According to Ronit Arginteau of Ateevia Botanica, juvenile idiopathic arthritis (JIA) occurs when a malfunction in a child's immune system causes it to attack the body's healthy cells and tissues, targeting the lining of the joint and resulting in inflammation and possible joint damage. But, just like with rheumatoid arthritis, the reason the immune system malfunctions is unknown, leaving young JIA sufferers without answers.
While doctors do know that juvenile arthritis can be hereditary, the condition rarely strikes more than one family member, says Arginteau. "Research suggests that some individuals may have a genetic tendency to develop JIA, but develop the condition only after exposure to an infection or other unknown trigger. Genetic, hormonal, environmental and infectious factors may be involved, although no clear trigger has been consistently identified."
There are several types of juvenile idiopathic arthritis, each causing different levels of discomfort. The Department of Pediatrics Division of Pediatric Rheumatology at NYU Langone Medical Center reports that the following types of JIA can affect children:
While there is not currently a cure for JIA, doctors can help address the pain and discomfort of juvenile arthritis. "The conventional overall treatment goal has been to control symptoms, prevent joint damage and maintain function," explains Arginteau. "The first line of treatment involves an analgesic or non-steroidal anti-inflammatory drug (NSAID) [such as] acetaminophen [to] ease the pain and stiffness caused by JIA. However, their effectiveness varies.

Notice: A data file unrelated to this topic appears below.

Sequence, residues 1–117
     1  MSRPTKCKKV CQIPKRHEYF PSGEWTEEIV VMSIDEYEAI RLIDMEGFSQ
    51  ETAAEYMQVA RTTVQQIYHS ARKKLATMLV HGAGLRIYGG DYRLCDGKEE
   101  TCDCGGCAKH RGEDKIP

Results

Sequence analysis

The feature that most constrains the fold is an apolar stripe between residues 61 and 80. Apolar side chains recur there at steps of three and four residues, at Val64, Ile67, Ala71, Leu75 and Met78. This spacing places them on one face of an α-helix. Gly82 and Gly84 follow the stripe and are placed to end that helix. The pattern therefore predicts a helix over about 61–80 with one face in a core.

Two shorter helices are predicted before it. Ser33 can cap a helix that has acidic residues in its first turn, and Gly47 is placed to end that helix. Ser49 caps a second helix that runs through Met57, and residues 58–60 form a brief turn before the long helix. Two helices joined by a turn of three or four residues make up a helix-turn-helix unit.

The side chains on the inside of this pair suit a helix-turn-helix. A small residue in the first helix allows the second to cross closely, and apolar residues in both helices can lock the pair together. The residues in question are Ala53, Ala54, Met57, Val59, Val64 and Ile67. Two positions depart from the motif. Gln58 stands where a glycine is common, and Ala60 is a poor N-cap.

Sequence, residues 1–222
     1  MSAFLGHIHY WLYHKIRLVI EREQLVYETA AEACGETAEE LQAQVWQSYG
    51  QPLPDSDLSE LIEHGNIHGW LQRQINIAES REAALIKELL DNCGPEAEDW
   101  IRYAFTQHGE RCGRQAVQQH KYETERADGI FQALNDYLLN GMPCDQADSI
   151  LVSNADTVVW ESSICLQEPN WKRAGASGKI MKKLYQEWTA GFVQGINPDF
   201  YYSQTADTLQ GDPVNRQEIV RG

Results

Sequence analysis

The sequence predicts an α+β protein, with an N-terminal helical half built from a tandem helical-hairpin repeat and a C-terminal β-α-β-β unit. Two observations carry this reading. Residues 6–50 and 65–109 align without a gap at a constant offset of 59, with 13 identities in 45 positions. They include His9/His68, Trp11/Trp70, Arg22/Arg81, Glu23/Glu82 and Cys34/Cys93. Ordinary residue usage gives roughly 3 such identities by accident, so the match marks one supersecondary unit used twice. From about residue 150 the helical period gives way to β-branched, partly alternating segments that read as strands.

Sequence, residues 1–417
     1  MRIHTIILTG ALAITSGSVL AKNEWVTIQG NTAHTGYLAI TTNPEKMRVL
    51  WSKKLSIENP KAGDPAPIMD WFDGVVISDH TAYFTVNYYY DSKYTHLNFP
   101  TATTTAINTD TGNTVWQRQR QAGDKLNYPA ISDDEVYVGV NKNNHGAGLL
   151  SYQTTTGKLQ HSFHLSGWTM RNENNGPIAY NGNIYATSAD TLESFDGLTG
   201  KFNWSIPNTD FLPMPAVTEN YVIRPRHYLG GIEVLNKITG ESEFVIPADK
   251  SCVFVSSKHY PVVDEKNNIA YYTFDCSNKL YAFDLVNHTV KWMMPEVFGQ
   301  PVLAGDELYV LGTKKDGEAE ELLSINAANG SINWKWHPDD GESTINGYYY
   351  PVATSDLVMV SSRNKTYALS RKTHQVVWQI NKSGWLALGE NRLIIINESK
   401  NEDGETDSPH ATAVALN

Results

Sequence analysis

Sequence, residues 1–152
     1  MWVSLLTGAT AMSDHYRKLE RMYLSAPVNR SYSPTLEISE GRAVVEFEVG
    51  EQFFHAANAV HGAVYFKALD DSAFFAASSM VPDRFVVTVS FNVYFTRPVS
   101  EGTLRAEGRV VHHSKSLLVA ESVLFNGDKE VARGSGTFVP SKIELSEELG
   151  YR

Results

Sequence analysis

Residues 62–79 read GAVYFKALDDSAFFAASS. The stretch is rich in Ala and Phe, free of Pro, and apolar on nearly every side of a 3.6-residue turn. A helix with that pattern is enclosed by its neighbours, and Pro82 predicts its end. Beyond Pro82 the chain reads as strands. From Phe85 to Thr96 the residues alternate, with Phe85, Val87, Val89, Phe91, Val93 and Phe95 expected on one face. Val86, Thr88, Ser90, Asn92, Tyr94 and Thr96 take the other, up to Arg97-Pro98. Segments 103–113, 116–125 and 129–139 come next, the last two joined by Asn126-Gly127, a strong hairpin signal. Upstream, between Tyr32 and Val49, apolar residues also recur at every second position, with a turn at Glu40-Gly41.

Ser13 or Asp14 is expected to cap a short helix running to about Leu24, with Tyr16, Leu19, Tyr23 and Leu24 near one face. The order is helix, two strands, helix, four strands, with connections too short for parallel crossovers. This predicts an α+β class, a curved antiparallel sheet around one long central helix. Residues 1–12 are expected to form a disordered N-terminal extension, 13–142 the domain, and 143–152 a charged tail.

"A secondary approach to JIA is the more dangerous use of disease modifying drugs, commonly called DMARDs, which are added as a second-line treatment when arthritis does not respond to NSAIDs," she says. NSAIDs include prescription drugs such as Rheumatrex and Humira, but come with risks of significant side effects. Short-term use of steroids, both injected or taken orally, may also help ease the pain of JIA. But when it comes to kids, clarifies Arginteau, the preferred approach to managing the pain associated with juvenile arthritis is to alter your child's diet and encourage therapeutic exercise, along with risk-free over-the-counter medications.
As tough as JIA is on a child, the families of children with juvenile arthritis suffer as well. "It's [the diagnosis that] made us more patient, that's for sure, and grateful that we have the doctors and the medicine that are available to him," shares Linsey Hyatt, mother of 5-year-old Tucker Beau. "But it's hard day-to-day knowing that one of your children has an incurable disease." However, just because your child has joint pain doesn't mean JIA is the culprit. Whether or not your child has all of the symptoms of juvenile idiopathic arthritis, or you just suspect something is ailing your youngster, seek the advice of a pediatrician immediately.
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